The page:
Richard Daley is a director and infrastructure specialist at Vendigital. Along with Stephen Fox, a construction industry leader and Trustee of the Construction Industry Training Board (CITB), he recently shared his insights with Municipal Journal.
Urgent action is needed to upgrade the energy efficiency of some 30 million homes and other buildings in the UK, to avoid missing the Government’s legally-binding target to achieve net zero greenhouse gas emissions by 2050. However, some fundamental supply chain and skills issues must be addressed to implement the retrofit programme successfully.
The Green Homes Grant voucher scheme has been reported to have suffered from a lack of take up and has now closed (as of 31 March 2021). However, Energy Secretary, Kwasi Kwarteng, has recently announced an extra £300m to fund green home improvements such as insulation, heat pumps and solar panels for low income households through the Green Homes Grant Local Authority Delivery Scheme and Social Housing Decarbonisation Fund Demonstrator. Plus a further £1bn has been awarded to fund 429 retrofit projects for schools, hospitals and council buildings, through the Public Sector Decarbonisation Scheme. But in addition to this funding, what else needs to be done to ensure the supply chain is in place to make a difference?
Illustrating the scale of the UK’s retrofit carbon reduction challenge, a report by the Climate Change Committee has revealed that energy consumption by the UK’s 29 million homes accounts for 14% of the country’s greenhouse gas emissions. It also emphasises that a 15% reduction in energy used to heat existing buildings must be achieved by 2030 to meet the Government’s net zero by 2050 target. There is no time to waste and policy makers, local government organisations and other stakeholders must work together to take action to address the retrofit challenge now.
Understanding the urgency of the problem is the first step, but solving it will require a multi-faceted, coordinated and considered solution. In particular, greater focus should be placed on supporting the supply chain and creating an engagement process that is slicker and more user-friendly. Anecdotal evidence suggests that in the past, SME builders and independent tradespeople have been put off from getting involved in local retrofit projects because of a perception they are too complicated and the process too slow to engage with.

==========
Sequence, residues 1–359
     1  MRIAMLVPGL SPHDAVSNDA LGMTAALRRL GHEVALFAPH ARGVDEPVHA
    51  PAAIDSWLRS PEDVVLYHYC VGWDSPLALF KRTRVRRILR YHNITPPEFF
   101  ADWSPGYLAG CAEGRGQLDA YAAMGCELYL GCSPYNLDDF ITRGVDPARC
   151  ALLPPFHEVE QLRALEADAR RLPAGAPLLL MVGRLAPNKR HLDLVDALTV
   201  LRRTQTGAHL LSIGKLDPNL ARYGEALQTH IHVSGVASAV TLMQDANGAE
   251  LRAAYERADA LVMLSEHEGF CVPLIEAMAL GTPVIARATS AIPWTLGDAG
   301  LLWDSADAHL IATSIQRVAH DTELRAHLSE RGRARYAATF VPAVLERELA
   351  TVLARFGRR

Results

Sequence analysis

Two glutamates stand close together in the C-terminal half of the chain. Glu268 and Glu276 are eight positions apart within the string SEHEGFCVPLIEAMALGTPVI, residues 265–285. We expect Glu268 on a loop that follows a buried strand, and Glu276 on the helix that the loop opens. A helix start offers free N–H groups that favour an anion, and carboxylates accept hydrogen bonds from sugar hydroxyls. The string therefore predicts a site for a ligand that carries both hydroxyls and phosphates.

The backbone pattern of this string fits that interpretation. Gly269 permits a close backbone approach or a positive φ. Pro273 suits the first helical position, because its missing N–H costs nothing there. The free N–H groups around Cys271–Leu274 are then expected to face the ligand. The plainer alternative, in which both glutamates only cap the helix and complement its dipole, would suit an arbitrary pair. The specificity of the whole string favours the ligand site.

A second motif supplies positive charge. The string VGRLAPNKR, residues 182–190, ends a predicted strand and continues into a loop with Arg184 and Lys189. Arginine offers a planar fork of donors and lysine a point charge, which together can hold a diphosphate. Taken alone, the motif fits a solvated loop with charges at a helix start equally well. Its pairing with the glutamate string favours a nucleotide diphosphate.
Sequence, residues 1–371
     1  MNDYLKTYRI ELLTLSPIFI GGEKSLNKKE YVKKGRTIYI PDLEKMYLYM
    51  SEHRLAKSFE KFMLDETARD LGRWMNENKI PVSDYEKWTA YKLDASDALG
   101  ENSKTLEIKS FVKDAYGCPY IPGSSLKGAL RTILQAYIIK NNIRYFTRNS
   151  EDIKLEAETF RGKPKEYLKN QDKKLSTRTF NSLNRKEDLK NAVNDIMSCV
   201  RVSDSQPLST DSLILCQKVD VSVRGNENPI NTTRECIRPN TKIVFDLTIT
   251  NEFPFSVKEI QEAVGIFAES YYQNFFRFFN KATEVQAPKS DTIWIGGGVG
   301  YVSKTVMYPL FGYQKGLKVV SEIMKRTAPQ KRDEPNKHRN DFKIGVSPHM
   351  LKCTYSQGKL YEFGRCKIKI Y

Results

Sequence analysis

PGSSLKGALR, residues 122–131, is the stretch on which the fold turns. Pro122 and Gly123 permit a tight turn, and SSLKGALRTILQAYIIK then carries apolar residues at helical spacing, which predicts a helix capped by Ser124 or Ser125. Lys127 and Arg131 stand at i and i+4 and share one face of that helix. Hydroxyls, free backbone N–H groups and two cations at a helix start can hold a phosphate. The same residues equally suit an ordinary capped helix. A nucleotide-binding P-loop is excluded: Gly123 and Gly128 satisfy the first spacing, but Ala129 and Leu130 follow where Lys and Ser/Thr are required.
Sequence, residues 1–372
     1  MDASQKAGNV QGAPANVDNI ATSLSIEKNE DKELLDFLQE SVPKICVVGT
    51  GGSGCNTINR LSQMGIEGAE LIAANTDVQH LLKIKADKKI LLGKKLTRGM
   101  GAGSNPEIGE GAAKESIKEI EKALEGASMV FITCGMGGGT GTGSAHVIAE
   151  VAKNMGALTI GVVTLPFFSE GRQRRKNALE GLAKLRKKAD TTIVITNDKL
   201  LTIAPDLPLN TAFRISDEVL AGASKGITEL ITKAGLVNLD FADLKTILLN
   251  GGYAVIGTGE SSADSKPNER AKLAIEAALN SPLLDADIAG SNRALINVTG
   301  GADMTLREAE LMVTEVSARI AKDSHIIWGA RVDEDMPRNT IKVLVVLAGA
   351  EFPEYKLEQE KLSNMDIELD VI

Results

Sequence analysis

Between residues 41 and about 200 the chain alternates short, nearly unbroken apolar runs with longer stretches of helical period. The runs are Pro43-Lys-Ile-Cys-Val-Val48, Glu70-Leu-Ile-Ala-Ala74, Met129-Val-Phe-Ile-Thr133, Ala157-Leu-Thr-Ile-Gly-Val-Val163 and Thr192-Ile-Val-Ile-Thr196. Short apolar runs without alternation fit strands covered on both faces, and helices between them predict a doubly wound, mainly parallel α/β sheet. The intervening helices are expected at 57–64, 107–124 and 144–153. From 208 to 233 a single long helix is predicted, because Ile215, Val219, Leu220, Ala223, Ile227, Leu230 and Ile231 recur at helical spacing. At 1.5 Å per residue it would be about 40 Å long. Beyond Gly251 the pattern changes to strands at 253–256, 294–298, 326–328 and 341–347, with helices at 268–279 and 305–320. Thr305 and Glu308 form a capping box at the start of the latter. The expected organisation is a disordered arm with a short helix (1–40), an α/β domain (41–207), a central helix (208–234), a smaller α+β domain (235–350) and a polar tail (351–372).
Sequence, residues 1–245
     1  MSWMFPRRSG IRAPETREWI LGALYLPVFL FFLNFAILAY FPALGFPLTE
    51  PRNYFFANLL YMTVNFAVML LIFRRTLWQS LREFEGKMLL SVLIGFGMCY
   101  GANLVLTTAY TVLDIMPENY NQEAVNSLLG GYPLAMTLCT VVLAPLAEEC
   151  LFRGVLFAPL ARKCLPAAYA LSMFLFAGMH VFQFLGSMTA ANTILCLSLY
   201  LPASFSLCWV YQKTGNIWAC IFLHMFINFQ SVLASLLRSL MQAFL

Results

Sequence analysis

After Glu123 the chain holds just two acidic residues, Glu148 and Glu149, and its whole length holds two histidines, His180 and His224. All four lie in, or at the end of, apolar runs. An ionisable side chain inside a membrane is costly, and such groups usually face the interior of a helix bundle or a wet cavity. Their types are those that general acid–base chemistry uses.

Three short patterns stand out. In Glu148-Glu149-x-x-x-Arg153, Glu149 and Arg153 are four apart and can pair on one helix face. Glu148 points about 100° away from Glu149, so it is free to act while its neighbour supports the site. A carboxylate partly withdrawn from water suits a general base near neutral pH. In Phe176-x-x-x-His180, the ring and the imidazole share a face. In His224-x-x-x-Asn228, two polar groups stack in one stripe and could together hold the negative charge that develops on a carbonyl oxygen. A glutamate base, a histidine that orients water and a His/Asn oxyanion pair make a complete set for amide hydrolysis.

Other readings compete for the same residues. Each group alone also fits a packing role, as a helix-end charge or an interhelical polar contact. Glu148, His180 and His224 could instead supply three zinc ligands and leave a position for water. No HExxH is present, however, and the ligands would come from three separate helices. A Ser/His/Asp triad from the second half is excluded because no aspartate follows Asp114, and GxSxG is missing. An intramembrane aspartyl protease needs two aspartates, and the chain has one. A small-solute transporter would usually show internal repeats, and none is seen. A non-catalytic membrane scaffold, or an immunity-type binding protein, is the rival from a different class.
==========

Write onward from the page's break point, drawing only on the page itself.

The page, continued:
To increase retrofit activity, local authorities need to understand and address the needs of the supply chain, bringing together the relevant accreditation, training and support organisations in co-creating a comprehensive plan that raises awareness, interest and action (at pace).
A lack of supply chain skills may also be limiting take up of retrofit projects. The Technology Strategy Board’s Retrofit for the Future report sheds light on how a ‘whole-house’ retrofit approach can provide huge financial, comfort, carbon and social benefits. However, the solution requires careful planning and coordination of trades. For example, the building fabric should be addressed first to optimise heat retention and reduce air leakage, followed by a consideration of the most efficient energy services. As well as understanding the principles of this fabric-first approach, design accreditation is necessary, and contractors must meet specified retrofit standards (PAS 2035:2019 and PAS 2030:2019). Local authorities can help to support skills development in their area by ensuring local courses are available and that they are linked into the wider construction skills agenda.
By working together, central Government, local authorities and other construction sector support organisations can put in place overarching and local action plans to tackle the skills shortage and accelerate the delivery of retrofit activity, supporting the delivery of important environmental goals. Taking this action together now will not only help to combat climate change, it could also support the creation of valuable construction jobs and stimulate economic recovery.
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